Are you currently reading something that might be described as "richly textured", "sumptuous", "heart-warming" or "a book to curl up with by the fire"? As the nights become long and cold, do you automatically reach for the comfort blanket of a dog-eared saga with a happy ending? As I pick up my first Victorian wrist-breaker of the winter, I'm well aware that I often read, superficially at least, to suit my idea of the season. In many ways it's a natural impulse; the concept that our need and tastes fluctuate with the seasons is neither controversial nor new. Changing sunlight levels affect our biochemistry, not just our mood, and whole spiritual and medical systems are based on our cyclical mental and physical cravings for different flavours, tempos and styles.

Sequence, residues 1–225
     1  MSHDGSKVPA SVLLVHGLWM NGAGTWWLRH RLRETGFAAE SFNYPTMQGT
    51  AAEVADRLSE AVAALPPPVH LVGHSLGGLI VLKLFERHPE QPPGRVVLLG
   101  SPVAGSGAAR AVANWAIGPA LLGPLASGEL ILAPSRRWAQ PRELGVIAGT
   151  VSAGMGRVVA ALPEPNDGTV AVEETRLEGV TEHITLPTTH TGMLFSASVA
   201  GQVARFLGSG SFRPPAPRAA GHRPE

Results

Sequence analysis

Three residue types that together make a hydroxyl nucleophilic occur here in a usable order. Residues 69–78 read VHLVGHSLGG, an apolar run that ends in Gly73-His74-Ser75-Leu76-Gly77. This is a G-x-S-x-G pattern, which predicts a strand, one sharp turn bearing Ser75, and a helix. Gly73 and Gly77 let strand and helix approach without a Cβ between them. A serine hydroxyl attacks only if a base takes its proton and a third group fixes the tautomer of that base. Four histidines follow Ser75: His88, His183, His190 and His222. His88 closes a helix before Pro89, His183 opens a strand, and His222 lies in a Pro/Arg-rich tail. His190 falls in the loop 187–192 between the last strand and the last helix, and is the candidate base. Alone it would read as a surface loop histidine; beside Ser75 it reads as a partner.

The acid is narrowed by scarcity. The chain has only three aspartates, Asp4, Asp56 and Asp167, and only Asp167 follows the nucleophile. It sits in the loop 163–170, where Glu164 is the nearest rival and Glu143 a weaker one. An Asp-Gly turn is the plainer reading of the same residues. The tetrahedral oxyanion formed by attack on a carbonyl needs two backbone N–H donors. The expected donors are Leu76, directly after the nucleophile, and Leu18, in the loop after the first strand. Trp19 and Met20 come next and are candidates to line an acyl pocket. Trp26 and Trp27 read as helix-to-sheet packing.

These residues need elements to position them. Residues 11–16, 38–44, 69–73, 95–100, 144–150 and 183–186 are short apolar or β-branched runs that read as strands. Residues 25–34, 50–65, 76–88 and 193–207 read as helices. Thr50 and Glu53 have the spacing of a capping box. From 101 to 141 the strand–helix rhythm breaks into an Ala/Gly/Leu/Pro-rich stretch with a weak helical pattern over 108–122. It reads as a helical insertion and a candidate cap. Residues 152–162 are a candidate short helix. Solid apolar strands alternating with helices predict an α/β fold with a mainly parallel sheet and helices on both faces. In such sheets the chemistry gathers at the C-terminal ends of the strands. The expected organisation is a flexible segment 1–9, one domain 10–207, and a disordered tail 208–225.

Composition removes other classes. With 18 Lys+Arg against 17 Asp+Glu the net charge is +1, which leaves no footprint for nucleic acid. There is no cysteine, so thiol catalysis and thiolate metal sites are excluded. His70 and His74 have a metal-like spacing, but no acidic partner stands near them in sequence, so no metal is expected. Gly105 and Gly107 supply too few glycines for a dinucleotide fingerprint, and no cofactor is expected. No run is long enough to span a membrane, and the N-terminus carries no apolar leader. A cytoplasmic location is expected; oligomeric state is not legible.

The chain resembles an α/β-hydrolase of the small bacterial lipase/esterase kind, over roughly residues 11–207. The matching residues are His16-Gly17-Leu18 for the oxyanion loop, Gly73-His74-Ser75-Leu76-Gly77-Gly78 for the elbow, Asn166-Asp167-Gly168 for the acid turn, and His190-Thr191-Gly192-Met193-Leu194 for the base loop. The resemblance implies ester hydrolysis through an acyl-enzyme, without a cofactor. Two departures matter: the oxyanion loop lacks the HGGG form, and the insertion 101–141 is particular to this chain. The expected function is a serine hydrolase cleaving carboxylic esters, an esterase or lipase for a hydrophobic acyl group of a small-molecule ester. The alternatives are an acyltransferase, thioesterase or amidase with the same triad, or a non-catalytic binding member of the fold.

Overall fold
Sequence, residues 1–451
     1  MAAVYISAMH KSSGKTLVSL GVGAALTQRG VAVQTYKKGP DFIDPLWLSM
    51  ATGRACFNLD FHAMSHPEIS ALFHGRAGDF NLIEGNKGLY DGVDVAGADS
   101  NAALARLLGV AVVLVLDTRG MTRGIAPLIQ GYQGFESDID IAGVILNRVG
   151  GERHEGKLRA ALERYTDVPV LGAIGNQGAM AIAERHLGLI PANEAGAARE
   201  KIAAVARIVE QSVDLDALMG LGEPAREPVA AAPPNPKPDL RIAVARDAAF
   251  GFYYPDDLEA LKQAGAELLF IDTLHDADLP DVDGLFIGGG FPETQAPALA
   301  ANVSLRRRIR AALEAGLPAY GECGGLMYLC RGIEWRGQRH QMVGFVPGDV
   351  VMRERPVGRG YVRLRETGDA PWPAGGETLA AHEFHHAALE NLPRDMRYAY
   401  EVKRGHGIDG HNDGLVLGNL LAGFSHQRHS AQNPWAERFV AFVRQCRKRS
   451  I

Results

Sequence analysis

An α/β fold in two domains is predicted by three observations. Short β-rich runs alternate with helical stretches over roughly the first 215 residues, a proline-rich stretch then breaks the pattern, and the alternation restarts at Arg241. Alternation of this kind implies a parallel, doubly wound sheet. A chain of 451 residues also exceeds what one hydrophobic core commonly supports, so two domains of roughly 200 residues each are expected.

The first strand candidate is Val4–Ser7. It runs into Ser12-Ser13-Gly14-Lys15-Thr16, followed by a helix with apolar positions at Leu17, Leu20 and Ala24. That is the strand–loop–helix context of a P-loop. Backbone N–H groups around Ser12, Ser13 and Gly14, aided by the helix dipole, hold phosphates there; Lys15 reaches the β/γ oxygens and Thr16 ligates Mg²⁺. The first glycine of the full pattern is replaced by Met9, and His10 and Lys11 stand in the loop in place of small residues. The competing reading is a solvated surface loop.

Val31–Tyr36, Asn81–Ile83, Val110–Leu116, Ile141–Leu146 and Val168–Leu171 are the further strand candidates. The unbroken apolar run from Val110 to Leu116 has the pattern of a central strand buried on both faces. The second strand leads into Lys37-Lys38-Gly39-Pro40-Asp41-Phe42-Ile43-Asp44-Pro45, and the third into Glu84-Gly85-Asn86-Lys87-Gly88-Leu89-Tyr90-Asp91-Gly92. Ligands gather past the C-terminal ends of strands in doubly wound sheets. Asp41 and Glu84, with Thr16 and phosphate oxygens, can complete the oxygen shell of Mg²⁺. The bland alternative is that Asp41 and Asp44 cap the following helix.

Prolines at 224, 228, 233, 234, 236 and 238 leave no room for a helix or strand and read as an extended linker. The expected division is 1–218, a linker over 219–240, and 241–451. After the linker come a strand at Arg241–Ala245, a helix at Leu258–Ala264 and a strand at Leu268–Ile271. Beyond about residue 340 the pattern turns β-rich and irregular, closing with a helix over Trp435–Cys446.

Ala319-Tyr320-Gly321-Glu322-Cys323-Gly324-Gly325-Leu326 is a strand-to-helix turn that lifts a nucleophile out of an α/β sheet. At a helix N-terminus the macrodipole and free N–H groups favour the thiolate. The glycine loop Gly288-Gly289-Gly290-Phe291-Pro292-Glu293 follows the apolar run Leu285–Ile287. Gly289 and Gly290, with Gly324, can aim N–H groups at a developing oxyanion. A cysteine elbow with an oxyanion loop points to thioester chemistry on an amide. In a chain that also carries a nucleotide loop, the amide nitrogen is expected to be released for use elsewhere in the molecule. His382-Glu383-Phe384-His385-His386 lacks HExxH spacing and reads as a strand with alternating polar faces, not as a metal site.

Of course, feeling moved to read certain genres at certain times of the year is also a gimmick, a construct. Whether we're digging into a languorous, sun'n'sex drenched summer blockbuster, an atmospheric pseudo-Dickensian Christmas stocking filler or a sappy, hope-filled springtime new release, both the publishing industry and arts media appeal to our sense of seasonal spirit when persuading us to buy or try books.